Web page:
STEMTEC may be winding down, but we are still trying out new ideas such as the Faculty Fellows program. Even newer is the concept of a writing retreat. It is designed as a response to a National Visiting Committee observation at its last meeting in February. The committee noted that STEMTEC has a lot of interesting insights and results, and we could be more active in our dissemination activities.
Our retreat is modeled after one developed by OCEPT, the Oregon collaborative. Elaine Cole Porter from Portland State University reported on their program in the recent Pathways conference. An extended abstract of her talk is on our web site at www.stemtec.org/pathways/Proceedings/abstract/Cole.doc. She writes, in part,
“As we matured as a project we encouraged our project participants to "go public" or publish their course revisions and other project–related work. But going public is not as easy as it might sound. We figured if OCEPT offered participants the time to get away from other responsibilities, took care of financial and material resources, and provided an onsite writing coach, participants might get articles written. Add to that a monetary "reward," and it was believed this just may be enough incentive for them to submit their article for publication.”
We had thought that this might appeal most to people who had not been active in writing journal articles, but she stressed in her talk that the retreat was attractive to both novice and experienced authors. Higher education faculty who have written many professional articles have seldom written papers on science or math education, and most of the collaborative’s participants are novice writers in a sense. And everyone can benefit from having a few days in a congenial, undistracting environment in which to focus on a writing project.
In preparation for the STEMTEC retreat, we will have two Monday evening Roundtable dinner meetings at Five Colleges. Jose Mestre (UMass) will facilitate the first, on October 14. He has is a STEMTEC participant who has written extensively on physics education research; he will explore the kinds of articles and publications one might consider. The second, on November 4, will feature Peter Elbow, a retired UMass English professor, who is widely known as a writing coach and mentor. The goal of these sessions is to help people to decide if they want to take part in the retreat and what they would write about.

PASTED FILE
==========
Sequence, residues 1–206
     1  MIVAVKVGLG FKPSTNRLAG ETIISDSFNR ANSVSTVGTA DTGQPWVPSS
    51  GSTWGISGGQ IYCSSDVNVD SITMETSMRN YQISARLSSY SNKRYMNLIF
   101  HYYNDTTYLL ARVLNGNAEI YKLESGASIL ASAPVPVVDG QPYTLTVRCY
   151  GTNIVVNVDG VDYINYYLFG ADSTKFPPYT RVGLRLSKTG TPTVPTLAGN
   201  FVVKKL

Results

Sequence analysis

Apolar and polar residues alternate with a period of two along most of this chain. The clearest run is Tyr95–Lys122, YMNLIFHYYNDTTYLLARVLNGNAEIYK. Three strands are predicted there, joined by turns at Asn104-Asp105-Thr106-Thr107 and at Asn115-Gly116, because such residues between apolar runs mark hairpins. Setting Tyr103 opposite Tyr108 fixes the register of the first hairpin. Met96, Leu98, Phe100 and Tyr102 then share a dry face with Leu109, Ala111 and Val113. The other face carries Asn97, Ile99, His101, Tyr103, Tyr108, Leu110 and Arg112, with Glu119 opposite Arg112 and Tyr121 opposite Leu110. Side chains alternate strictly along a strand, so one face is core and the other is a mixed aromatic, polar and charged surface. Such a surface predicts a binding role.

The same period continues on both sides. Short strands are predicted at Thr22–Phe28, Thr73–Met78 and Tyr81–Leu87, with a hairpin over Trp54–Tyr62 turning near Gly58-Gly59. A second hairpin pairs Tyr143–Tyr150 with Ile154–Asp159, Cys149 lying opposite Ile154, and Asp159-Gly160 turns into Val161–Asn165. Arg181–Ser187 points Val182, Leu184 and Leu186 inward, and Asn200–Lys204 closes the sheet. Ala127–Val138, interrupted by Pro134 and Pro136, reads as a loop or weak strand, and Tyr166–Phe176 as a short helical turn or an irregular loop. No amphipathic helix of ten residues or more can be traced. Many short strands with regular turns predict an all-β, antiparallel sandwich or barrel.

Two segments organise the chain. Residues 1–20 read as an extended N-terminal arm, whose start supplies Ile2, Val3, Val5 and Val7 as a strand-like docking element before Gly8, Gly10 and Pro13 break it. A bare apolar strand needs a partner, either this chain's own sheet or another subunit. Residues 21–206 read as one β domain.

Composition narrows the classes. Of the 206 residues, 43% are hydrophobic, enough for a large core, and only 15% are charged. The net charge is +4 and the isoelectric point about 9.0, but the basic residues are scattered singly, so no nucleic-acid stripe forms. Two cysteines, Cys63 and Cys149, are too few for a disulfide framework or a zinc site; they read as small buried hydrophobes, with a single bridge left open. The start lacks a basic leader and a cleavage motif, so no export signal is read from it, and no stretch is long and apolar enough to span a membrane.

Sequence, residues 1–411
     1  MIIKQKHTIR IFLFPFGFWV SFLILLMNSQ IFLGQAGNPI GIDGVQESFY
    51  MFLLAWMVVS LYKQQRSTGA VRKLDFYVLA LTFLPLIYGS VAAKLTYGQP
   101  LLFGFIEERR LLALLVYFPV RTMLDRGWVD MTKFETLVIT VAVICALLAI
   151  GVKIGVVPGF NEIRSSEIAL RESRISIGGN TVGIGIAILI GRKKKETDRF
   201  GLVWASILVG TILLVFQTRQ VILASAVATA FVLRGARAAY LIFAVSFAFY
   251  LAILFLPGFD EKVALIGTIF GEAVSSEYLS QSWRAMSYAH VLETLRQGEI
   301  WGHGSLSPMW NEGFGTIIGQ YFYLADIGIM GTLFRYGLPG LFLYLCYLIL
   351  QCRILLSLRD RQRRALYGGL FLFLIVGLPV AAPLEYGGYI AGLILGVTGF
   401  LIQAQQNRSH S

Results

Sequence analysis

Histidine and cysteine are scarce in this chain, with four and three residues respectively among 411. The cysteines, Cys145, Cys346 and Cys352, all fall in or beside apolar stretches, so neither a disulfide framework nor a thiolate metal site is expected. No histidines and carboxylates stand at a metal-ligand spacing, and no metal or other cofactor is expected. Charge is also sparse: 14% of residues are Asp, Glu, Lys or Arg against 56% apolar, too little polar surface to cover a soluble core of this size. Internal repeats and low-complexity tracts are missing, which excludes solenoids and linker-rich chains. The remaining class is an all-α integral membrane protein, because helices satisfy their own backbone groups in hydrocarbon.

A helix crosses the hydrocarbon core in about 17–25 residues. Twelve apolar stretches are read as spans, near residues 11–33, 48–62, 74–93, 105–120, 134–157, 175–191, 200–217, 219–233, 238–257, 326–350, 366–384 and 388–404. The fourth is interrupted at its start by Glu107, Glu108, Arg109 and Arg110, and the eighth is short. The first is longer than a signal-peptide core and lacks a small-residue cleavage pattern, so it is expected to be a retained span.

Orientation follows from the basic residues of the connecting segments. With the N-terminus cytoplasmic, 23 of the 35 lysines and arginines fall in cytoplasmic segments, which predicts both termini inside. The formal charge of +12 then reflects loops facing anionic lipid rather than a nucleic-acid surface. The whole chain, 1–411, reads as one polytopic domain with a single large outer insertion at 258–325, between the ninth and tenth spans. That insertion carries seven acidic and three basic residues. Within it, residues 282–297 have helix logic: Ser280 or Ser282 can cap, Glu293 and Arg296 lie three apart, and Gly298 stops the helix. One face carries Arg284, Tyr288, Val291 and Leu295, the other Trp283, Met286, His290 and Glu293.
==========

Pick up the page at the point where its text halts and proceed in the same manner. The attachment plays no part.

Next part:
All STEMTEC school and college participants are invited to consider participating in the retreat. It is scheduled for a time when the schools are in session, and STEMTEC will defray the costs of substitutes if that is needed. We encourage the formation of writing partnerships where, for example, a school-college collaboration was involved in a project. People interested in participating in the retreat will submit a form on the STEMTEC web site by December 1. We can accommodate only a limited number of people, so be sure to apply on time.
The retreat will start itself will start on Sunday afternoon, January 5, and end after lunch on Wednesday, January 8. We will have a consultant present to help with editing, provide advice, etc. The retreat will be held at Eastover in Lenox, about an hour’s drive from Northampton. This resort and conference center is a very attractive place with a long and interesting history. It offers comfortable, attractive guest rooms suitable for writing in, a good space for us to meet together, and excellent food. When we need a break, we will have access to large indoor swimming pool, a fitness center, and a sauna. You can learn more about Eastover at www.eastover.com.
You may have caught the monetary “reward” phrase in the OCEPT quote. Participants will be encouraged to have a first draft done by the end of the retreat, or at least by the end of January. And when they do have a final draft ready for submission, they will receive a $1000 stipend. A quiet time in an attractive environment, help with the writing, and a check: what more could a writer ask for?